Zionist entity’s foreign ministry said Monday it was "surprised" by Argentina’s agreement with Iran to create an independent commission to investigate the 1994 attack on a Buenos Aires Jewish centre
Zionist entity’s foreign ministry said Monday it was "surprised" by Argentina's agreement with Iran to create an independent commission to investigate the 1994 attack on a Buenos Aires Jewish centre.
"We were surprised by the news," foreign ministry spokesman Yigal Palmor told AFP. "We are waiting to receive full details from the Argentines on what is going on because this subject is obviously directly related to Israel."
Argentine President Cristina Kirchner on Sunday said that her country and Iran had agreed to create a "truth commission" with five independent judges -- none of whom can come from either Iran or Argentina.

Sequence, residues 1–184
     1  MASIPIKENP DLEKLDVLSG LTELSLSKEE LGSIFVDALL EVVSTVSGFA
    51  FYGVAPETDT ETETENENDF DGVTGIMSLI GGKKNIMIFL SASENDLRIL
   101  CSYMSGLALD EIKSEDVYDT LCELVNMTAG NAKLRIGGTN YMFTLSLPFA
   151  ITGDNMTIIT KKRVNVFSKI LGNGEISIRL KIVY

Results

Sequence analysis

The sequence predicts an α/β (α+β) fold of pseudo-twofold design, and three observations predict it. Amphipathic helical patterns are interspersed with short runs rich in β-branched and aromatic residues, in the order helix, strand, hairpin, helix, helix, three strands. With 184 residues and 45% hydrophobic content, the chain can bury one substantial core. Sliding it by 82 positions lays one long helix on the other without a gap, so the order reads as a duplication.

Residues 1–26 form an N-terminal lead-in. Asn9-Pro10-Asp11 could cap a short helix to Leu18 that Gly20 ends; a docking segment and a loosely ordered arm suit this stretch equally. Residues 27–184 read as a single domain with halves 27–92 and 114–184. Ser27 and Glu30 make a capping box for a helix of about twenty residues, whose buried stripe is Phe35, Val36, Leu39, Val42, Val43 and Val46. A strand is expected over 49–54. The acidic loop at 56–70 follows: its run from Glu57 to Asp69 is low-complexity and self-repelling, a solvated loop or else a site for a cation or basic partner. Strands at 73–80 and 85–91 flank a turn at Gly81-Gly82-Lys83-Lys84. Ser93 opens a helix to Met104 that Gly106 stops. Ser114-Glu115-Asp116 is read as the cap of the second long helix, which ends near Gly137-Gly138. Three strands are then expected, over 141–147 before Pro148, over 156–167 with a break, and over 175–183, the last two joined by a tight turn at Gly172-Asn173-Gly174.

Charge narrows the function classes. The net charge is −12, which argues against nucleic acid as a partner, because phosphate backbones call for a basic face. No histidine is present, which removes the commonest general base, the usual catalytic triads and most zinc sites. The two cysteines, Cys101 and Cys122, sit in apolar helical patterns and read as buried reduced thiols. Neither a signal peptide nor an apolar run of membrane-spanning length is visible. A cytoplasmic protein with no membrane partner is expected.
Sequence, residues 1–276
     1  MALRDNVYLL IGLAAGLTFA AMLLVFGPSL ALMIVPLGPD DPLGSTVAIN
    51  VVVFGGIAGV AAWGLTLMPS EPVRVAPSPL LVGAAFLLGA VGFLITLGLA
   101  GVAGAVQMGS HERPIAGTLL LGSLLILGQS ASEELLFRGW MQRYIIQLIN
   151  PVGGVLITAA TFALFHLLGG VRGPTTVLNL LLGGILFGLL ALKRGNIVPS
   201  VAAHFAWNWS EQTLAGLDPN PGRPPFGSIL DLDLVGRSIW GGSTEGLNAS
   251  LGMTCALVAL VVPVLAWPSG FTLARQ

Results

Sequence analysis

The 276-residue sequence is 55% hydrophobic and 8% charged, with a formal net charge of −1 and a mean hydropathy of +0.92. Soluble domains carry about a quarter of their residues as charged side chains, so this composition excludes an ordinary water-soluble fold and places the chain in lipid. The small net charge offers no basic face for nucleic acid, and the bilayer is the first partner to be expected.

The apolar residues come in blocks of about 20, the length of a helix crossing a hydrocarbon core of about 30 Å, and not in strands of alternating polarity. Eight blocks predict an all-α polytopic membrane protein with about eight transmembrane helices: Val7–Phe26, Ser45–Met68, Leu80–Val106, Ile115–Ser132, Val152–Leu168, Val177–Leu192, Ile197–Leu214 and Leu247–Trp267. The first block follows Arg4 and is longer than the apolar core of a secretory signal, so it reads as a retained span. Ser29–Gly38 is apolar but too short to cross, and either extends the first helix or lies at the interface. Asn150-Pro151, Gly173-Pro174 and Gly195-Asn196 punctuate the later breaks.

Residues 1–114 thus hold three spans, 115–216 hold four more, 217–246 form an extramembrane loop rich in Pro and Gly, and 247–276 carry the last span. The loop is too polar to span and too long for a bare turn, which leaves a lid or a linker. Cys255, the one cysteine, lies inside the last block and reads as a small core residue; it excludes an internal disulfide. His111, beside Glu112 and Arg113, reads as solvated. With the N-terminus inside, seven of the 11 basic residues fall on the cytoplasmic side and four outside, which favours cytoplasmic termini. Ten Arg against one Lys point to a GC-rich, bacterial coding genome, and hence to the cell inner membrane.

Kirchner said the agreement may allow Argentine authorities to finally question suspects currently the subject of Interpol "red notices."
Argentina has long accused Iran of masterminding the attack and has since 2006 sought the extradition of eight Iranians, including current Defence Minister Ahmad Vahidi and former president Akbar Hashemi Rafsanjani. Iran has always denied any involvement in the bombing, in which 85 people died.
The accord comes after several months of negotiations -- starting in October at the United Nations in Geneva -- aimed at resolving the pending legal actions.
"We warned the Argentines from the start that the Iranians would try to set a trap for them and that they should beware," Palmor said on Monday.